Your privacy matters
This website uses cookies, which help us to improve our site and enables us to deliver the best possible service and customer experience. Please indicate whether you consent to our site placing these cookies on your device. You can change your preference later. By continuing without changing your settings, you agree to this use. Find out more in our Privacy Policy.

By clicking ACCEPT you consent to our site placing these cookies on your device.
Choose which cookies to enable. Find out more in our Privacy Policy.

By clicking ACCEPT you consent to our site placing these cookies on your device.
Tools that enable essential services and functionality, including identity verification, service continuity and site security. Opt out is not available.
Tools that collect anonymous data about how visitors use our site and how it performs. We use this to improve our products, services and user experience.
Tools that power interactive services such as live chat support and customer feedback.
New Caledonia
Stories of divers

Turtle Ballet, Friendly Dragon and unlikely Friends

  • Daily diving
Samuel Lejarre

Wait for it! Hawksbill Turtle Ballet

As Samiy Diver drops into the crystal clear blue Boulari Pass of New Caledonia, he meets a brown marbled grouper, then a reef shark, then a beautiful school of black triggerfish with tantalizingly long tails. While we wait for the star of the show, another reef shark plays peekaboo, as does a cute Pacific blue tang, right out of “Finding Dory.” Another friendly marbled grouper pauses for the camera, then a school of schooling bannerfish schools on by. Alas, it’s time for the beautiful Hawksbill Turtle to make her entrance. She circles in an entrancing ballet, an underwater whirling dervish, hypnotizing, entrancing.

Hawksbill turtles are one of the seven types of sea turtles worldwide, and are critically endangered. Their tapered head and distinct bird-like beak enables them to reach into cracks and crevices on coral reefs and other hard to reach areas in search of prey. Considered to have the most beautiful shell, their beauty has led to their severe decline. It’s estimated that global hawksbill populations have declined by 90% over the last century.

Friendly Dragon : Petting a Large, Friendly Moray Eel

The yellowmargin moray eel, also called the yellow edged moray eel, or speckled eel, is common in Pacific Ocean tropics. Though usually with yellow eyes, those in New Caledonia often have blue eyes, like this one. Their streamlined bodies allow them to hunt in crevasses and reef structures with ease. They can grow up to about 8 ft long (2.5m), and their large, powerful jaws and sharp teeth help them grasp prey like reef fish and octopus. Moray eels open and close their mouths to move water through their gills for respiration. This can look threatening to divers, but in fact, eels are generally shy creatures and rarely attack, only doing so if they feel threatened. As you can see here, this particular moray seems to crave personal contact, enjoying it as Samiy Diver takes a moment from his dive to caress the gentle creature. Many underwater creatures, like eels, rays, and sharks, scare people, who think they are ferocious and dangerous. This is generally not true. Hopefully this video can help change perceptions of people so that they will want to protect our oceans.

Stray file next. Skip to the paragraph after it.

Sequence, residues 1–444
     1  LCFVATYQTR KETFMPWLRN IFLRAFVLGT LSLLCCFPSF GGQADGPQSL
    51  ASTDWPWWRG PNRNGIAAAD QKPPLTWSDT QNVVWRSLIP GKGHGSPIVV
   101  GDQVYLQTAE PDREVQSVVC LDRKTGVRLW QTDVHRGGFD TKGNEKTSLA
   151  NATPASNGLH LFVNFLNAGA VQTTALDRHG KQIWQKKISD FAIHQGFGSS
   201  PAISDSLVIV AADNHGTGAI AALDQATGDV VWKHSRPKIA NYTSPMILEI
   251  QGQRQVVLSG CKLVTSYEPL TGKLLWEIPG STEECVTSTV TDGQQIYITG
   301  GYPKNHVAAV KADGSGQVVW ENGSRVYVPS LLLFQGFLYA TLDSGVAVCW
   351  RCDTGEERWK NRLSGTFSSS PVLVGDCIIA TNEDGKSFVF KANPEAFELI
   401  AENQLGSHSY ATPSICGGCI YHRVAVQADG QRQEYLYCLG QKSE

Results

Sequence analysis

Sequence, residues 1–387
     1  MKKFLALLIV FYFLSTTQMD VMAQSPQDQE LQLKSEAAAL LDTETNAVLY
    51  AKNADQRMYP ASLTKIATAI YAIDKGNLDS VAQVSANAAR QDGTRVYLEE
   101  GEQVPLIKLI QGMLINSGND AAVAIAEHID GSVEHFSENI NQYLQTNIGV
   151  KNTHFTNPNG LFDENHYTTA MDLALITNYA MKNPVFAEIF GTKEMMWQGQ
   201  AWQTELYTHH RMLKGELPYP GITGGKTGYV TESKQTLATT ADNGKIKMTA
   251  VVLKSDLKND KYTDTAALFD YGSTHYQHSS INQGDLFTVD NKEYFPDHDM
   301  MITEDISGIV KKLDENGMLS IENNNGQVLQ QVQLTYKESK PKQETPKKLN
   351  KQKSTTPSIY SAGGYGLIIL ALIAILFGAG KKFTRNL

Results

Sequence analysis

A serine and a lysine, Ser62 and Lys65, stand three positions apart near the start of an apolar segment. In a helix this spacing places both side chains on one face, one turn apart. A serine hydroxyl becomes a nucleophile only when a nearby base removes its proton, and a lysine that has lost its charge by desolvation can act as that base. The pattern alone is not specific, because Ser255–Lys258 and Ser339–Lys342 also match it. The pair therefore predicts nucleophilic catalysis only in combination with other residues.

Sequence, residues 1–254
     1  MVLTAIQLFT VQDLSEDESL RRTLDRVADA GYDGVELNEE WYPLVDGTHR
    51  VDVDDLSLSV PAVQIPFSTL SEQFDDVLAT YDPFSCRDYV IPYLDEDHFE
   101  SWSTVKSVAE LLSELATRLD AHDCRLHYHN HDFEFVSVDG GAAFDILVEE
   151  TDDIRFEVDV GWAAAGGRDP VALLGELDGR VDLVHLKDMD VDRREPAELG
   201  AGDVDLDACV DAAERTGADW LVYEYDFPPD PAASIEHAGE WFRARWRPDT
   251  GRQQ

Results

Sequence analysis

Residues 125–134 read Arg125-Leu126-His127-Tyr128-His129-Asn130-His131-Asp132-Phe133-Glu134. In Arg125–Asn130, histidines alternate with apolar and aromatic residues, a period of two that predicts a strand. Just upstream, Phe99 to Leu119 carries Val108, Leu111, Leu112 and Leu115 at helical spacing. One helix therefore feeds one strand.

Unlikely Friends: Moray Eels and Pufferfish Buddies, méli-mélo for lovers..

These four fish friends are underwater in the Madeleine Islands of Dakar, Senegal, a protected underwater marine park. Though many people have not heard of diving in Senegal, as you can see, the water is clear and filled with abundant, colorful marine life. Pufferfish and moray eels are a common sight, and both can be seen on almost every dive. There are two different types of moray eels in this video, a beautiful spotted moray and a young green moray. They are both getting along with the puffer couple quite well.

The internet is filled with images showing eels eating (or attempting to eat) pufferfish, but these two puffers and two spotted moral eels in one small crevasse show they have developed a symbiotic relationship that serves both species. Though pufferfish are cute – almost cartoonish – in actuality they are carnivorous predators that eat, among other things, snails, crabs, hermit crabs, clams, barnacles, and shrimp. Most people know moray eels are predators, but they are actually much friendlier than most people think (and won’t attack divers unless they are provoked). Pufferfish will similarly only puff up, by filling their stomachs with water (or air, if pulled out of the water) when they are threatened. It is not good to try to disturb puffers to entice them to blow-up, as doing so is stressful on their internal organs and the stress can sometimes kill them. They can triple their size in as little as 15 seconds.

Though it’s not clear how these unlikely friends help each other out, they obviously have a symbiotic relationship that works. Hopefully you’ll enjoy the fish and eel friendship in this video as much as Sami Diver did while filming them.

Samuel Lejarre

About author

I am french Dive Master. I dive all over the world and try to make nice videos.
Stories of divers
3 min
Samuel LejarreDiving with sharks, turtle and Aquatic Pelagic Ballet
Aquatic Pelagic Ballet A school of yellowtail fusilier open this aquatic ballet, in a carefully choreographed dance, yellow...
New Caledonia
Stories of divers
2 min
Samuel LejarreUnderwater Cathedral: the Colorful Prony Needle in New Caledonia
“Prony” was the name of the French steamboat that first explored the Nouméa strait. Its captain, Jean-Joseph de Brun, discovered...
New Caledonia